Water logging, no public transport throws life out of gear in Srinagar
Srinagar: Thousands of people were stranded as both aerial and surface link to Kashmir stayed closed on Wednesday because of intermittent snow and rains across Kashmir Valley.
A huge crowd of passengers swarmed Srinagar Airport to fly out of Kashmir but had to return after all the 28 flights were cancelled due to low visibility triggered by snow.
Srinagar Airport Director Akash Deep Mathur said that all flights were suspended for the day. This was the second time in a week when all air operations were suspended due to low visibility at the airport.
Ghulam Mohammad Bhat, who was travelling to Delhi on a morning flight, said he left home at 9am but had to return home from the airport after his flight was cancelled. He said the airport was heavily crowded with a massive throng gathered at the departure lounge awaiting status of their flights.
Similarly, vehicular traffic was stopped on the strategic Srinagar-Jammu highway just a day after it was allowed to proceed from Srinagar towards Jammu. The road was again closed on Wednesday after snowfall and rains triggered landslides and shooting stones at several places, including at Ramsoo, Panthal, and Anokhi Fall on the treacherous Banihal-Ramban stretch.
Early morning, snow lashed both sides of the three-kilometer long Jawahar Tunnel in the Pir Panjal mountains. It caused slippery roads prompting traffic authorities to close the road. While Beacon authorities mandated for maintaining a portion of the highway pressed men and machinery into service to clear the road, continuous snowfall frustrated their efforts.
A traffic police spokesperson said that snow had accumulated on either side of the tunnel and also landslides had blocked the highway at several spots.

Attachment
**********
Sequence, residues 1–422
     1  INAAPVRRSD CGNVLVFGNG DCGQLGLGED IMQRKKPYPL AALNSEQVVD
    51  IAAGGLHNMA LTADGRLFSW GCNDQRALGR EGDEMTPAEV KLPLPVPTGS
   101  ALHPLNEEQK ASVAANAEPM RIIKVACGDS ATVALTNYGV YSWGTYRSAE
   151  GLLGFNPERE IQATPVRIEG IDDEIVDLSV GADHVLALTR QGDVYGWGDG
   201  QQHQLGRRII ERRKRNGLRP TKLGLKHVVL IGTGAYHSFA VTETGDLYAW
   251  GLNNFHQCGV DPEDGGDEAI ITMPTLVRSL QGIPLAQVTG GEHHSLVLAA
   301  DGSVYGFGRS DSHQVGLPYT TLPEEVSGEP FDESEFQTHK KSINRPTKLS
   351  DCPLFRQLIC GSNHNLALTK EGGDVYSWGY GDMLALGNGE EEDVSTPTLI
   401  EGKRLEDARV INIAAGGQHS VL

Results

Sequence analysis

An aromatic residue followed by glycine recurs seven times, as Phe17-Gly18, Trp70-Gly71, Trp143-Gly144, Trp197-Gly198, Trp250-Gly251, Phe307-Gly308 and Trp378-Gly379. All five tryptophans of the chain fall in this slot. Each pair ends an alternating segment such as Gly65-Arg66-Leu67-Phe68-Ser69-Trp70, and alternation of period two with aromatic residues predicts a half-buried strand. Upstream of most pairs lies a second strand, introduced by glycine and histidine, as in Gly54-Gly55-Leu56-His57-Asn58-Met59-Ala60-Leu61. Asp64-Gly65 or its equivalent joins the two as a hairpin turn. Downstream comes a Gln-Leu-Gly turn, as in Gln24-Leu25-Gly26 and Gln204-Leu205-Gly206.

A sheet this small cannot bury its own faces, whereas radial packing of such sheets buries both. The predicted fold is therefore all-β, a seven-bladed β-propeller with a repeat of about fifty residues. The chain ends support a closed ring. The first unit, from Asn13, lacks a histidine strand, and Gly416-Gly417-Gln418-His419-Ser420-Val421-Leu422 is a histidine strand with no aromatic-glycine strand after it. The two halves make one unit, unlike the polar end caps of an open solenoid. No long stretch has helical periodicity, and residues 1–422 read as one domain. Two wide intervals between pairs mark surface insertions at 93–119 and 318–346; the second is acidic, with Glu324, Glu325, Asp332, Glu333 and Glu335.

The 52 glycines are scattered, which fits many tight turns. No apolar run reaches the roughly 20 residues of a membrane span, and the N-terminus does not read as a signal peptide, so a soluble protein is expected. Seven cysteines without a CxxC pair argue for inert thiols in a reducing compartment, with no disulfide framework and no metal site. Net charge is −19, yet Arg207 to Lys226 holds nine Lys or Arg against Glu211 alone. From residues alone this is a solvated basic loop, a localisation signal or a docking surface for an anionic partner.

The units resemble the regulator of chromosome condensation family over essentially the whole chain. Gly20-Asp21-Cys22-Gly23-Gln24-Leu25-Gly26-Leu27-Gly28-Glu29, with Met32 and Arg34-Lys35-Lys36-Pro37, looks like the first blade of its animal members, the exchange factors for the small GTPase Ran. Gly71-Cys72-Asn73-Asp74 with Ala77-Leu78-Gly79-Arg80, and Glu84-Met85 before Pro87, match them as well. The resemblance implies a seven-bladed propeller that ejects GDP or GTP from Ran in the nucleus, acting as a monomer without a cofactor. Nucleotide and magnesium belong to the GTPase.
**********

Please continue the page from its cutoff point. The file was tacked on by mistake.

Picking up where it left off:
He said the decision regarding allowing vehicular movement on the highway will be taken on Thursday after assessing the weather condition.
The traffic department said that travellers should first confirm the status of the highway before beginning their journey.
Similarly, other highways connecting Kashmir, including Mughal Road, Kishtwar-Anantnag, and Srinagar-Leh highway were all closed for traffic due to snow accumulation.
It is unlikely that the highway will be through for traffic on Thursday as the weather office has predicted more snow and rain in the region till Thursday afternoon. The weather department had forecast a wet spell triggered by western disturbances from February 5. According to Director of J&K Metrological department, Sonam Lotus, the weather is expected to improve from Thursday afternoon.
The disruption of air and surface traffic again spurred airliners and travel agents to fleece travellers by charging exorbitant airfares. A single traveller had to pay between Rs 14,000 and Rs 24,000 for flying on the Srinagar-Delhi route. Similarly, a flyer had to shell out more than Rs 15,000 for half-an-hour’s air travel between Srinagar and Jammu.
The government had warned of legal action against airlines for the exorbitant fares but the warning has had little impact. The current airfares to and from Srinagar are double than those of New Delhi-Dubai, Delhi to Kathmandu, Kabul, Singapore and St Petersburg (Russia).
Earlier in the day, the entire valley including Srinagar city was blanketed with fresh snow. It slowed down traffic and caused traffic snarls. At several places in Srinagar, commuters were seen struggling to drive their vehicles in snow. Many roads in the city including commercial hub Residency Road were waterlogged.
Deputy Commissioner Srinagar, Syed Abid Rasheed Shah, said that the water-logging in the city has resulted from heavy precipitation and efforts were being made to de-water all the affected roads and lanes. According to him, Fire & Emergency Services have been instructed to use fire tenders and portable pumps for dewatering efforts.
Shah said the mechanical engineering department has also been instructed to ensure prompt snow-clearance in case of accumulation. He said helpline numbers 7051112345 and 9419042342 have been issued for public assistance.
In the city, snow clearance vehicles were seen at several spots including Lal Chowk and Batamaloo for clearing roads.
However, life was thrown out of gear again in the evening due to heavy snowfall. It resulted in early closure of markets while thin vehicular traffic was visible on roads. At many places, commuters complained that public transport went off the roads, allowing auto rickshaws to fleece commuters.
A commuter who could not find a passenger bus on the Batamaloo-Bemina route was charged Rs 60 after much haggling by an auto driver from Bemina crossing to cover a distance of about a kilometer.